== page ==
“Taxes are the price we pay for a civilized society.” That quote, which is attributed to the famous U.S. Supreme Court Justice Oliver Wendell Holmes, Jr., seems to have been taken to heart by not just the IRS, but by the INS (which is officially known today as the United States Citizenship and Immigration Services (USCIS)). In the immigration context, it could very well be re-phrased “Taxes are the price you pay for citizenship,” because if you are not paying the proper taxes, you are not going to be able to gain United States Citizenship.
In general, the USCIS does not look into an applicant’s financial health when processing citizenship applications. Being a billionaire does not move you to the top of the list, and having previously declared bankruptcy will not disqualify you. The financial issue that will cause problems, however, is a checkered tax history.
Properly filing taxes with the IRS and any applicable state or local taxing authorities is part of the “good moral character” requirement all applicants for citizenship must adhere to. Years ago, immigrants had to prove their good moral character by having people vouch for them. Today, the government assumes people are of good moral character unless proven otherwise. Not paying taxes, or fudging them a bit to make what you owe appear smaller, is considered something of good moral character would not do.
The government looks back five years when it does its “good moral character” investigations, so it is critical that you have your taxes in order for those years. (If you are applying for citizenship under the special rules that apply to spouses of U.S. citizens, the government will only look back three years.)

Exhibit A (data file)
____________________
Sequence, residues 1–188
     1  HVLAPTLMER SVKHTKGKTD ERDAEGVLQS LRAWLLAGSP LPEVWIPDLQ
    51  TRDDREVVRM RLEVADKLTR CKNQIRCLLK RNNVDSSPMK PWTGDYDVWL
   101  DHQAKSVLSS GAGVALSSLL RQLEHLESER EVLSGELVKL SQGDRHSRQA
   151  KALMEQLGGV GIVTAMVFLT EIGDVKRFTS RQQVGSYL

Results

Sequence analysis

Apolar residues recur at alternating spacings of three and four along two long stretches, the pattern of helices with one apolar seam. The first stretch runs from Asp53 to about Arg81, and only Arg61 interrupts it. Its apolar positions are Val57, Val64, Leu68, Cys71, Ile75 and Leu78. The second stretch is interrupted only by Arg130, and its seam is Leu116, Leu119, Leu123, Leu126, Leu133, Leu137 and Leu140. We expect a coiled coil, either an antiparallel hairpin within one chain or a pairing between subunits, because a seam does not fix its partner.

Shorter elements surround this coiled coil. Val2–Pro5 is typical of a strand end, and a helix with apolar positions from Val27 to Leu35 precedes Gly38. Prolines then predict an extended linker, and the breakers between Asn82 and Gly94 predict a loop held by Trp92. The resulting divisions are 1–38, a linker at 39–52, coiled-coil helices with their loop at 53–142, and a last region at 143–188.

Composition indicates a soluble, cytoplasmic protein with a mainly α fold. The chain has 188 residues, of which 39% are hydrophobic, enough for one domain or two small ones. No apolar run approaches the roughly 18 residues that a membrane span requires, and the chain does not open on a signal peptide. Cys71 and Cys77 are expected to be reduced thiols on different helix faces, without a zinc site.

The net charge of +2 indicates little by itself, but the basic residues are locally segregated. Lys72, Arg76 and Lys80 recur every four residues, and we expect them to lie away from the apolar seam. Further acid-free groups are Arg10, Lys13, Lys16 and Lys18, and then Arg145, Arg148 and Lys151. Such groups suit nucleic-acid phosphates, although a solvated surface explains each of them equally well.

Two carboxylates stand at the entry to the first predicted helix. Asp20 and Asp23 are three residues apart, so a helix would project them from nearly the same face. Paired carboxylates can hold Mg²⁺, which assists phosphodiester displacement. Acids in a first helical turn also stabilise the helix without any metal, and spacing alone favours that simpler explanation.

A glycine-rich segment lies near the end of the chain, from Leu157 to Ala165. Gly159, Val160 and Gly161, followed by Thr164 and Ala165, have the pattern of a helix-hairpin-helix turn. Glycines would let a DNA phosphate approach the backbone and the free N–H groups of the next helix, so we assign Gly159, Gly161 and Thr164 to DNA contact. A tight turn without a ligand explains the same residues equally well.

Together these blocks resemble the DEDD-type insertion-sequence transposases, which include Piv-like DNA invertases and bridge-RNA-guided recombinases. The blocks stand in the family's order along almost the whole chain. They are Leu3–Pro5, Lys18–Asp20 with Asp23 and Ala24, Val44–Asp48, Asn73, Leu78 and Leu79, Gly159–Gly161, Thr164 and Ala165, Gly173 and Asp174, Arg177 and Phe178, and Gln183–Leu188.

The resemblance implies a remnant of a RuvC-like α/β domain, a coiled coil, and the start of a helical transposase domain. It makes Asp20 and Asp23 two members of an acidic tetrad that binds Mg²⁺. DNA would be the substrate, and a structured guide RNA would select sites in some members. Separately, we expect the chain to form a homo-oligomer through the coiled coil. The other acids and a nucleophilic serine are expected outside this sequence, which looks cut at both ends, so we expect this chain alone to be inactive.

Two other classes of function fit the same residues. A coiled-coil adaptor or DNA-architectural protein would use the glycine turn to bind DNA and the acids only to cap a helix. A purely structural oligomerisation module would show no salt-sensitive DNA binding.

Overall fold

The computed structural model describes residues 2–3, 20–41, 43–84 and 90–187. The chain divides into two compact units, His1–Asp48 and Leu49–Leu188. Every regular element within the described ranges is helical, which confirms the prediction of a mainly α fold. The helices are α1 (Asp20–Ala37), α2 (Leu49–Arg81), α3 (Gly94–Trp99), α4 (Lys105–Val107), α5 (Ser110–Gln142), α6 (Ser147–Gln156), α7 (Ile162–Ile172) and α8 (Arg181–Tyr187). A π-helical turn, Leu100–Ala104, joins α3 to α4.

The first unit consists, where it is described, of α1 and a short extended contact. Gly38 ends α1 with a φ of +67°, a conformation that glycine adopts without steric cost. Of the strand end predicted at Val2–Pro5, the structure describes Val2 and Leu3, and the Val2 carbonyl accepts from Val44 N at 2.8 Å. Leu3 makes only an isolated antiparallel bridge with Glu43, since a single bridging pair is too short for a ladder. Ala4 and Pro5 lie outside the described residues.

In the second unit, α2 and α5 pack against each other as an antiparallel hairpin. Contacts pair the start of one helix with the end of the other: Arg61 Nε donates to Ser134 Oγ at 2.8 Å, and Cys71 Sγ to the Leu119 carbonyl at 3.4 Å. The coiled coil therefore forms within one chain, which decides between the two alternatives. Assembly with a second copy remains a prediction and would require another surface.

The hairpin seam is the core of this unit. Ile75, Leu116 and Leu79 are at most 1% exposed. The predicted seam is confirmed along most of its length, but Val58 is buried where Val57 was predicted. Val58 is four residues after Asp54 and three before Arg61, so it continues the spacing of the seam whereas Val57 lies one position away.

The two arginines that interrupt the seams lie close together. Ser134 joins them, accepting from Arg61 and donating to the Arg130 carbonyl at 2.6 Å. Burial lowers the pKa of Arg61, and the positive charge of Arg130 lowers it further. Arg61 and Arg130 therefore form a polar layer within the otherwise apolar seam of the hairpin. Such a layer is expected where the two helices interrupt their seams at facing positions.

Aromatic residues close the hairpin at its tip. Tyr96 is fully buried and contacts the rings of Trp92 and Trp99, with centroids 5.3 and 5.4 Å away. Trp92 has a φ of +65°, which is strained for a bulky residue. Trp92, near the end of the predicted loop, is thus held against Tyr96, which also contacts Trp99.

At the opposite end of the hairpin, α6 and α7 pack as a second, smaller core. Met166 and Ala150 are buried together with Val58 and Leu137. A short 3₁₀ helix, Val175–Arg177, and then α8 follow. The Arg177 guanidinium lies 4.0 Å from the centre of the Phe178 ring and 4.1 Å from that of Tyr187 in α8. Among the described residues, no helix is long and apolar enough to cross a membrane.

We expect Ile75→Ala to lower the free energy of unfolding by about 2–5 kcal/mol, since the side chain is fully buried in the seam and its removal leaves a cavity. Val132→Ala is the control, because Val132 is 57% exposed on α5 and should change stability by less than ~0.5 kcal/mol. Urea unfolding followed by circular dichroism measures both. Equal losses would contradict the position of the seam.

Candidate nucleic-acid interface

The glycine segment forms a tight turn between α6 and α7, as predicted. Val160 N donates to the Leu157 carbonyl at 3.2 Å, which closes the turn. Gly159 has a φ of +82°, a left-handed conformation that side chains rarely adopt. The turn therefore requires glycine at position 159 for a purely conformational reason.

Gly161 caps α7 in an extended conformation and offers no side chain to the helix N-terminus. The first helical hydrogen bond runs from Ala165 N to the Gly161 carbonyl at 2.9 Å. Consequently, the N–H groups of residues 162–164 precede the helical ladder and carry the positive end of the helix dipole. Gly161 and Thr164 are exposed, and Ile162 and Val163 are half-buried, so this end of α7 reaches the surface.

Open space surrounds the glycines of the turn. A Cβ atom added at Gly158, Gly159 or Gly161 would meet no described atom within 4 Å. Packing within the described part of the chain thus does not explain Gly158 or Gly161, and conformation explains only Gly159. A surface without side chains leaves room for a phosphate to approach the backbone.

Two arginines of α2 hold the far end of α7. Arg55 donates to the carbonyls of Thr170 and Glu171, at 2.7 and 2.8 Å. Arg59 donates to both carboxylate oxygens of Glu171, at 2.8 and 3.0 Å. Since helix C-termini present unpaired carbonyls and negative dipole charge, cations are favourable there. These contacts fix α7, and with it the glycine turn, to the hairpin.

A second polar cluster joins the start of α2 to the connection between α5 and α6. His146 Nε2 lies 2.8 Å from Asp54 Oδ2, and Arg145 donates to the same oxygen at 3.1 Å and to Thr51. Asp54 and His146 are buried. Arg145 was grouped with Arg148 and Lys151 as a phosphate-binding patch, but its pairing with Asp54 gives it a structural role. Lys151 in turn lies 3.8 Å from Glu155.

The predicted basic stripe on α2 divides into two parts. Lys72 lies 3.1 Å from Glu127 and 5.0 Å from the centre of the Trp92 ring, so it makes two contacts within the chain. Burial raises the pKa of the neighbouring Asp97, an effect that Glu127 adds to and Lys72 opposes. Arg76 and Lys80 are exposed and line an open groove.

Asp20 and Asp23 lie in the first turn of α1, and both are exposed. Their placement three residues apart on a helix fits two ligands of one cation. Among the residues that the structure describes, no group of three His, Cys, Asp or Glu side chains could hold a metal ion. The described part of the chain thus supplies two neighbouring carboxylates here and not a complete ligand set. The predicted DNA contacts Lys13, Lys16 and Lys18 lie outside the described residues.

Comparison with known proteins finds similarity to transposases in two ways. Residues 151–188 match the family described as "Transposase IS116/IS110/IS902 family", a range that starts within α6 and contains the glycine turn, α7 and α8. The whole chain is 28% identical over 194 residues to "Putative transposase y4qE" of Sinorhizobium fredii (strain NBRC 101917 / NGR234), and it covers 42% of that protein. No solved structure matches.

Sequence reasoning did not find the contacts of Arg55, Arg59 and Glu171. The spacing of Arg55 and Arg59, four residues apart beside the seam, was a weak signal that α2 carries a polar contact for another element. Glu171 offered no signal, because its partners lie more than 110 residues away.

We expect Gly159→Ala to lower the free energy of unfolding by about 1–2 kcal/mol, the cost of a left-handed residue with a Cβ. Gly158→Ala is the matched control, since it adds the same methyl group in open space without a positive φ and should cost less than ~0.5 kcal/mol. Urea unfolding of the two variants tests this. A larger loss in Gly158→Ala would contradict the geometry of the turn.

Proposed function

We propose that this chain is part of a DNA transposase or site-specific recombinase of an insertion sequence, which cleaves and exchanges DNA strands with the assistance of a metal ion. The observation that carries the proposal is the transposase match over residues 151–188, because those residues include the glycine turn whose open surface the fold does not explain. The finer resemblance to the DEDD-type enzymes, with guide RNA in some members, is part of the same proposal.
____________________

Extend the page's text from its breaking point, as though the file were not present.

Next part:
If there is a silver lining to having tax issues, it is that tax issues are, for the most part, fixable. Back taxes owed can be paid up, or you can negotiate a settlement or payment plan with the IRS. And improperly filed returns can be amended and refiled.
If you are getting ready to apply for citizenship and you think you may have tax issues that will raise a red flag, working with an attorney who specializes in immigration law alone, and has no experience dealing with complex tax issues, is not a good idea. Attorneys specialize in different things, and if taxes are the thing that might keep you from becoming a U.S. citizen, it is in your best interest to work with a tax lawyer as well as an expert immigration attorney.
If you’ve been denied U.S. Citizenship because of tax issues, it is time to get your financial house in order. As previously mentioned, the government looks back 5 years when it investigates “good moral character,” so if you have just been denied, you can start a fresh lookback period today and apply again in 5 years. Working with an experienced tax professional will ensure that you won’t get denied citizenship because of your taxes when you are eligible to apply again.
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